|Do I owe the webmasters who ask me to link to their Viagra and online gambling websites the dignity of a reply? |
No you don't, but that's not what we're talking about. We're talking about sites just as relevant as the ones already listed, not getting the dignity of a reply.
|Does it make our website a "listing service?" Dream on. Our website has its own purpose, and will only link to somebody else's site if I think it adds value for our users |
The difference is that (1) your site has a main purpose other than linking to sites, and (2) you don't openly invite people to suggest their sites for review.
For the ODP, the question isn't, and never has been, merely the "relevance" of sites. It is "significant unique information" that makes a site listable -- if a site has that, then we'll LOOK for a topic it's relevant to. If a site doesn't have that, it doesn't matter what it's relevant to.
So, forget the "relevance". It's irrelevant.
Listable sites already get a response -- that is, they get listed.
And UNLISTABLE sites don't get a response, which is far better than they deserve!
So, which of those two possibilities do you have a problem with?
|I don't find one logic reason for google to continue using ODP data in google directory. |
It is the largest (both by participant count and output) effort on the planet to create a list/description of websites that are not utter crap that has even a modicum of editorial rigor and participant vetting.
No futher reasons are needed to make it a valuable addition to any SE ranking algorithm.
Note that most of the value of ODP to Google is unaffected by all the valuable websites that are not (yet) listed there.
Hutcheson, your points are reasonable. But if you invite site suggestions, I think each one deserves a yes or no response. With a little automation, it would be easy, and would probably improve everyone's lives.
mcavic, that suggestion sounds a-priori reasonable. The editors discussed this at length, and disagreed. (I was one of those who thought it reasonable.) We took the ODP Show-ye-me approach: that is, those of us who thought it might be a good idea tried it. The test involved dozens of editors, and thousands of site suggestions. (I was one of the more actively involved testers.)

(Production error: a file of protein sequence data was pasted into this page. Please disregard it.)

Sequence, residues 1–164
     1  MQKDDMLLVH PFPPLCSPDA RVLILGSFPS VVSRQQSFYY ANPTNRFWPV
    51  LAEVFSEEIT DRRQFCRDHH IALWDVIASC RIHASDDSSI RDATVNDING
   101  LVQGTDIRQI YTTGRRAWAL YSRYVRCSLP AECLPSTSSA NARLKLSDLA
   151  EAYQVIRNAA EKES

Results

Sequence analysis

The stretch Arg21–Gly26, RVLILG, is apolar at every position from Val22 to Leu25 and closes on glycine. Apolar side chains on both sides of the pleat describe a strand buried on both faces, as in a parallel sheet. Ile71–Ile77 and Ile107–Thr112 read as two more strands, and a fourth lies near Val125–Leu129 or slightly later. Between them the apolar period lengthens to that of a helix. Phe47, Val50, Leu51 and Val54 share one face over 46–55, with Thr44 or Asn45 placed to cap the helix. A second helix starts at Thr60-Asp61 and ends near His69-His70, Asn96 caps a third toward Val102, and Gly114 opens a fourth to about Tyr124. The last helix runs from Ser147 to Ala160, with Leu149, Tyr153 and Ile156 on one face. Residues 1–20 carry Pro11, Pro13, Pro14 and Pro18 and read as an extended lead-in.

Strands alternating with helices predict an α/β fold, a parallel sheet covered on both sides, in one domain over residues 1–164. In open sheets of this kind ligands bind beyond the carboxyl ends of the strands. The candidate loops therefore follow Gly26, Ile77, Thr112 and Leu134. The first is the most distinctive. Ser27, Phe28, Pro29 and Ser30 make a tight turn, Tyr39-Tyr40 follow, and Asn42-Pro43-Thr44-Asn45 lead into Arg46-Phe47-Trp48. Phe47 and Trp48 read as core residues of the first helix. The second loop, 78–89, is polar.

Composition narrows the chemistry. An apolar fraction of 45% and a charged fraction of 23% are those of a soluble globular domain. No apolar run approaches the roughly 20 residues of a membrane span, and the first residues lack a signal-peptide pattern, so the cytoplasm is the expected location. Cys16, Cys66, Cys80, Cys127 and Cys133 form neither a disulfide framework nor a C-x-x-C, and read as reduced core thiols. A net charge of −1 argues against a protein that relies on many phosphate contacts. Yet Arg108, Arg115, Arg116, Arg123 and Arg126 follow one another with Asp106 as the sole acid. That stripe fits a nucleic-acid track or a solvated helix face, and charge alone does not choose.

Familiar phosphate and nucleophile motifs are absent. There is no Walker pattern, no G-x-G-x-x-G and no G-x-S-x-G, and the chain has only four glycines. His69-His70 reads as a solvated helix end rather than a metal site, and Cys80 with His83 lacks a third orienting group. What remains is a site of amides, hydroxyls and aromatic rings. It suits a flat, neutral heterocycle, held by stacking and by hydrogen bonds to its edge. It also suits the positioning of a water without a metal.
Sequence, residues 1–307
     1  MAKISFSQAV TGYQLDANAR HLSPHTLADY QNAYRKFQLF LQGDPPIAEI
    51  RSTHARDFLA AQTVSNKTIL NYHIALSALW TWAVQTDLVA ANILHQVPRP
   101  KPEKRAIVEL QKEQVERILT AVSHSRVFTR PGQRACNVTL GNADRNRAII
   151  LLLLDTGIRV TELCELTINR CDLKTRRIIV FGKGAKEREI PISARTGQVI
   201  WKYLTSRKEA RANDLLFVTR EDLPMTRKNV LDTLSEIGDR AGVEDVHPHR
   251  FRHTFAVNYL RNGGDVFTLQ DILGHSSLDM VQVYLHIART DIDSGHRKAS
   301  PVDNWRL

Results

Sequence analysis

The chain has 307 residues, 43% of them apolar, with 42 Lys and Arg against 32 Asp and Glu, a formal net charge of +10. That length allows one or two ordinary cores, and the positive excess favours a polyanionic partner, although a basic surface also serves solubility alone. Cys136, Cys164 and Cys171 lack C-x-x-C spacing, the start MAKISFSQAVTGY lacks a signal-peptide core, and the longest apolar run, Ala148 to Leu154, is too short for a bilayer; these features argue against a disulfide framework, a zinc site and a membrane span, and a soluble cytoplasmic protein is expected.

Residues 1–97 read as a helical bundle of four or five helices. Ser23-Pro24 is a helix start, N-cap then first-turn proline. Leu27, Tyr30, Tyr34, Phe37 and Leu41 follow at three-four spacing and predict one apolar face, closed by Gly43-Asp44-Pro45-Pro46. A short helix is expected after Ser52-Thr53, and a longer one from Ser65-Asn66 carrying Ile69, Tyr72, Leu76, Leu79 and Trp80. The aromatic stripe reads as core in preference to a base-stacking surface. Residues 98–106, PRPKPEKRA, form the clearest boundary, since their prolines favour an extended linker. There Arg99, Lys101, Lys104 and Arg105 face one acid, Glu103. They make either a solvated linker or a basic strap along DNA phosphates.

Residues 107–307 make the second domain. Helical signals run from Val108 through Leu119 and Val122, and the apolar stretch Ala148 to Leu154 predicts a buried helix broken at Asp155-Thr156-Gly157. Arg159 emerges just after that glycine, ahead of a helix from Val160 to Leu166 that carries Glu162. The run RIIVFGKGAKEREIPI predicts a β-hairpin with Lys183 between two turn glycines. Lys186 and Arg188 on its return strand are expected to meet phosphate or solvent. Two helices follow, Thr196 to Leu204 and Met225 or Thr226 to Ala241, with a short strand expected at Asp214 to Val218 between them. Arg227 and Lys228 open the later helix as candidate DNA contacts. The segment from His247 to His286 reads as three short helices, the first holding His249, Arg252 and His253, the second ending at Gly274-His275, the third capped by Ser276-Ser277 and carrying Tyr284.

We came, we tested, we were shown. There is no longer any disagreement: it's a bad idea. Its contribution towards a better directory simply isn't significant enough to waste any energy figuring out how to do it.
Lots of people think it's technically easy. Anyone may have an opinion: however, I'll claim the right to having an INFORMED opinion, based on at least eight years of experience in each of optimizing compilers, very large low-level database libraries, and ODP editing. And I've actually tried to map out how such a thing might be done. The specifications, let alone the implementation, were complex enough that implementation would have been a high risk. (This from someone who'd rip out and replace an entire p-code interpreter at the drop of a small hat.)
But, when it gets down to it, we just flat really DON'T want to tell people their suggestion is worthless: in our experience, it can only encourage them to rise to new heights of deviousness; in practice, it has no other effect; it never has any beneficial effect; it harms our anti-spam efforts.
And for sites that do get listed, again we don't HAVE to tell people anything in particular, because we broadcast the fact to the world in general.
So it sounds like a good idea: but anyone who had really thought it through should have recognized that it couldn't possibly have any good effect -- and I don't blame you for not figuring that out, because it certainly took ME (and us) long enough, even looking at the evidence.
But ... we've experimented, we've been shown, and that's the end of all speculating. The issue is dead until there's substantial new evidence, pointing a different direction: and I can't imagine what form that could possibly take in this universe.
I've been using PHP and MySQL for 4 or 5 years, and with them, just about anything is easy. :) But as you point out, it's not a question of "can you".
My thought was that giving someone a definitive no would help indicate that pestering you wouldn't do any good. And you already state that you're very selective, so a rejection doesn't have to mean that the site is worthless.
> We're talking about sites just as relevant as the ones already listed, not getting the dignity of a reply.
All sites "relevant" (but relevant in terms of the DMOZ guidelines) get a reply. They get listed. Maybe the reply sometimes takes a little longer as we all would wish but eventualy the reply will be there.